Modern Ireland has a rental crisis rather than a house-price problem, according to new figures from the EU’s statistics agency.
Rents in Ireland have risen at about twice the rate of house prices over the last decade, the figures from Eurostat show.
Irish rental costs have increased by 66pc from 2010 until the second quarter of this year, the third-highest rise in the EU and more than four times the EU average.
Only Estonia and Lithuania saw higher rent rises, while the EU average rise was 16pc. Most EU/IMF bailout countries have seen rents either fall or rise only slightly since they asked for financial assistance more than a decade ago.
Ireland and Portugal were the only two countries to see significant rises in rents since 2010, although rents in Portugal rose at less than half the rate in Ireland.
Fellow bailout countries Greece and Cyprus saw rental costs fall 25pc and 3pc, respectively, while Spain, which got a bank-only bailout, saw a slight increase in rents over the decade of less than 5pc.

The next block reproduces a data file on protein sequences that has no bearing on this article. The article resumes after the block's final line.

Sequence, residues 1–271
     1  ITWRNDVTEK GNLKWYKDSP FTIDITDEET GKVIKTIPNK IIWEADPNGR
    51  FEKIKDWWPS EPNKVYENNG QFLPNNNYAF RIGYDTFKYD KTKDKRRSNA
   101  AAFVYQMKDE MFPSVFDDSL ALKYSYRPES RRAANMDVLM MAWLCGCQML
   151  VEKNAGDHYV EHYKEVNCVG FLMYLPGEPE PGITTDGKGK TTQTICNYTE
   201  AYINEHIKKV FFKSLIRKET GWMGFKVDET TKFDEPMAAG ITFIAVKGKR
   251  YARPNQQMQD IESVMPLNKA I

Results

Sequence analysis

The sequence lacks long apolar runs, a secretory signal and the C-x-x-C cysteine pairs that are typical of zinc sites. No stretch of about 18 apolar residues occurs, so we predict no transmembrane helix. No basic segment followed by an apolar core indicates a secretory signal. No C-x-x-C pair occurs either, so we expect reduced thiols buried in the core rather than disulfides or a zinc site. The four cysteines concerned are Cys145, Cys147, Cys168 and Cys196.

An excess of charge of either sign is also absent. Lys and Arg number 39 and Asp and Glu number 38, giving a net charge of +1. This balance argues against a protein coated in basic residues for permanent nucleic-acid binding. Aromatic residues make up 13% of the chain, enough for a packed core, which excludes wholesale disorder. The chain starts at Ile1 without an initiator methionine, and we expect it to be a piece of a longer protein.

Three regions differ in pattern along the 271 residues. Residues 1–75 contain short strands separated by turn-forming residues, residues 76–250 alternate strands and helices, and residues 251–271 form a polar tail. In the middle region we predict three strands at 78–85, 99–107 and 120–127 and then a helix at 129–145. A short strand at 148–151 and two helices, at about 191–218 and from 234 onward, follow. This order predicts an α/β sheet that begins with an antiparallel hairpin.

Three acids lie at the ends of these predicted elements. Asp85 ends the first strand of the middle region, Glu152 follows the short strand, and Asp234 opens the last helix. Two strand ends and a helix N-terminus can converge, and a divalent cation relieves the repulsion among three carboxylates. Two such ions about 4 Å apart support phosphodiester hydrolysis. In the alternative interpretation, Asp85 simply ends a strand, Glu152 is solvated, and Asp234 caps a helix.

Rents nationally rose by 7pc in the April to June period, according to the Residential Tenancies Board (RTB), despite a cap of 4pc for pressure zones that was in place at the time. The cap was recalculated in July to keep pace with inflation.
The interim director of the RTB, Padraig McGoldrick, said it pointed to an “unacceptable level of non-compliance by landlords”.
House prices in Ireland have also risen since 2010, at just under the EU average of 34pc.
Prices continued to fall after the previous financial crisis, reaching a plateau in 2012-13 before starting to rise again.
Since 2010, house prices have more than doubled in Estonia, Luxembourg and Hungary, but they fell in Spain, Cyprus, Italy and Greece, all of which (bar Italy) were in a bailout programme after the 2008 crisis. ESRI research professor Kieran McQuinn said yesterday that the Government’s shared equity scheme for first-time buyers could add to the cost of housing.